Across the lot from the main building is an accompanying garage that will allow DACC’s corporate education division to offer local businesses a place to train their workers.

“It will allow us to focus on customized training instead of general career tech education, and it will give local employers the space to do onsite training,” Nacco said.

“This space will be used for corporate training, such as stock handlers, forklift drivers, movement of machines and robotics,” he said. “Machinist aptitude tests would be held here, and HVAC training would be here, too.”

Now that a casino and resort will be developed south of Interstate 74 at Lynch Road, Nacco also envisions some of the classrooms at the Army Reserve Center being used for casino employee training programs, similar to ones at Illinois Central College in Peoria near Par-A-Dice Casino and Atlantic Cape Community College in Mays Landing, N.J., which has been supporting nine casinos with specialized training since 1977 at its Atlantic Cape Casino Career Institute.

ICC in Peoria receives casino equipment and support from Par-A-Dice to train the casino’s future employees, according to Nacco.

“They’ve committed to pay $50,000 for scholarships for DACC to train incumbent employees,” he said of Danville’s casino developers, Haven Gaming. “And they’re going to continue to roll employees in, too.”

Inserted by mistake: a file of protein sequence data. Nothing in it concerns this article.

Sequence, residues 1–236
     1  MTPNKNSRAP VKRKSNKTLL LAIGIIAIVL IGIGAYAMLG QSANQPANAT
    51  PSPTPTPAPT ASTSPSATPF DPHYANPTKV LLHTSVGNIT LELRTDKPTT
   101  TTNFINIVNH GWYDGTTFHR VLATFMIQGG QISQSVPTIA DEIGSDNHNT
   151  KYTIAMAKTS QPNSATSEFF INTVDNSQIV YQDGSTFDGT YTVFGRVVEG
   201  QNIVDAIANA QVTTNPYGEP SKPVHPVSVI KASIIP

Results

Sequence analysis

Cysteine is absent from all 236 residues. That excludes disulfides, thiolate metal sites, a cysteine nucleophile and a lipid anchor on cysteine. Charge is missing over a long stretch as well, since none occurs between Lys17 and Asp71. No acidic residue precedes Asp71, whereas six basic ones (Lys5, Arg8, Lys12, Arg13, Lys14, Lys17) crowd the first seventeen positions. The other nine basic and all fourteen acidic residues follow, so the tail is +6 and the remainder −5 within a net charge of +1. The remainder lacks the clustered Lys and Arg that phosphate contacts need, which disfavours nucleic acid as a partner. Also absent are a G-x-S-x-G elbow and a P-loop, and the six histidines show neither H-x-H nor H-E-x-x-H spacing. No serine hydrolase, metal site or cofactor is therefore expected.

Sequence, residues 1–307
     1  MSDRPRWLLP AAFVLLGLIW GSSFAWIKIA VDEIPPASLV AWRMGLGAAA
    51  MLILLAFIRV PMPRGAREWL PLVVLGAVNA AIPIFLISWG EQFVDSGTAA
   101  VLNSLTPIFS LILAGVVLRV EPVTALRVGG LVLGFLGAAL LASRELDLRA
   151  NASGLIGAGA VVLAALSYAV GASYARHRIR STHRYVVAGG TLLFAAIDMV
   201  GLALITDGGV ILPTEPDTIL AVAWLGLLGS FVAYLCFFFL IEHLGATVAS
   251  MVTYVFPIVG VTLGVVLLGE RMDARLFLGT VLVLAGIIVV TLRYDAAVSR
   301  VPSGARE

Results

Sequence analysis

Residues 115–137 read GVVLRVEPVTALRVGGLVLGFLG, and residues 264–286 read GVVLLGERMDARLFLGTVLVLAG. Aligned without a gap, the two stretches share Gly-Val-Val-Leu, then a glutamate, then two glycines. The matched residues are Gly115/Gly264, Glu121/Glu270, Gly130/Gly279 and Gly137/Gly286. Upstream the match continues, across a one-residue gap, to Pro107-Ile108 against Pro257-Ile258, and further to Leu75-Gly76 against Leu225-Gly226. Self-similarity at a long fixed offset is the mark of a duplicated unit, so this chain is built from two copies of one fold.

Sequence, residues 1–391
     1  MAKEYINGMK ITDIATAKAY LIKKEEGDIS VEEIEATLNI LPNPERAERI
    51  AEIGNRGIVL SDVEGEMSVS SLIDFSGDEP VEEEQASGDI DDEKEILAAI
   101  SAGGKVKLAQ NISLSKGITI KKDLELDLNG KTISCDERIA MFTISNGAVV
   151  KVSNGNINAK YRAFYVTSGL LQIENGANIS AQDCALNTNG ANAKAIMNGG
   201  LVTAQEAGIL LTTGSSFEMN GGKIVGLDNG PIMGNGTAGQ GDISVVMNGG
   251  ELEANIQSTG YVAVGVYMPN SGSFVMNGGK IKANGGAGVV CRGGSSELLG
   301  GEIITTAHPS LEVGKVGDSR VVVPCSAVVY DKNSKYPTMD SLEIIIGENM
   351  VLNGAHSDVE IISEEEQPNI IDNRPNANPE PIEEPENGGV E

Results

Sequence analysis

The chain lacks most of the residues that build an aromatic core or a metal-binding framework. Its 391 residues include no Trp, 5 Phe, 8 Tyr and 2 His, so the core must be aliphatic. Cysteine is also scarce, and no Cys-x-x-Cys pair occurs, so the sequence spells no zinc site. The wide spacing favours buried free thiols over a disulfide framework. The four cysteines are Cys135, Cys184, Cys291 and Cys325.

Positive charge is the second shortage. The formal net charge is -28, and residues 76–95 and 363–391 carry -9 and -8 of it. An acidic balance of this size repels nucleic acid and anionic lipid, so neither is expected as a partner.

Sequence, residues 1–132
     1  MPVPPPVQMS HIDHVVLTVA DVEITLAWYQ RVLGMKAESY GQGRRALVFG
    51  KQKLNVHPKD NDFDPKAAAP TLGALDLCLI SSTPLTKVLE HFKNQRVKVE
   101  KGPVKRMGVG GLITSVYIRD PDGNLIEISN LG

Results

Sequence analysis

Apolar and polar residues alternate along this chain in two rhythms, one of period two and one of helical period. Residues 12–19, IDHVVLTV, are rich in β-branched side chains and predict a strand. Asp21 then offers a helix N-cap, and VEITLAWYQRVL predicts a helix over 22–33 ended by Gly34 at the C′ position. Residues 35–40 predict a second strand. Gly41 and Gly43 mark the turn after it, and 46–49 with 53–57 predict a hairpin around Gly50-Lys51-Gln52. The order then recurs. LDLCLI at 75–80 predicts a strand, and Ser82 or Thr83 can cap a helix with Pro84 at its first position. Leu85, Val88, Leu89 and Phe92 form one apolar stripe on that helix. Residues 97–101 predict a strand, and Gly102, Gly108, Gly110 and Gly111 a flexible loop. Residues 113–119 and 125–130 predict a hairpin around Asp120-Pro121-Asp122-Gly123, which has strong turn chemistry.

Nacco sees many possibilities for the vault on the main floor that is the size of a large room.

“This would be a fun room for casino training,” he said. “Rickey Williams (Sr.) sees this as an interesting place for a criminal justice class.”

DACC’s criminal justice program is scheduled to move to the facility by fall semester 2020, which would free up space in the Clock Tower building, Nacco said.

“Where we are the most overcrowded is in liberal arts at Clock Tower, so moving criminal justice out will help,” he said.

The remnants of two shooting ranges exist in the main building, but they were decommissioned in 2009. To restore the second-floor shooting range so that it is fully functional again would cost approximately $400,000, according to Nacco.

“That would be our lowest priority,” he said.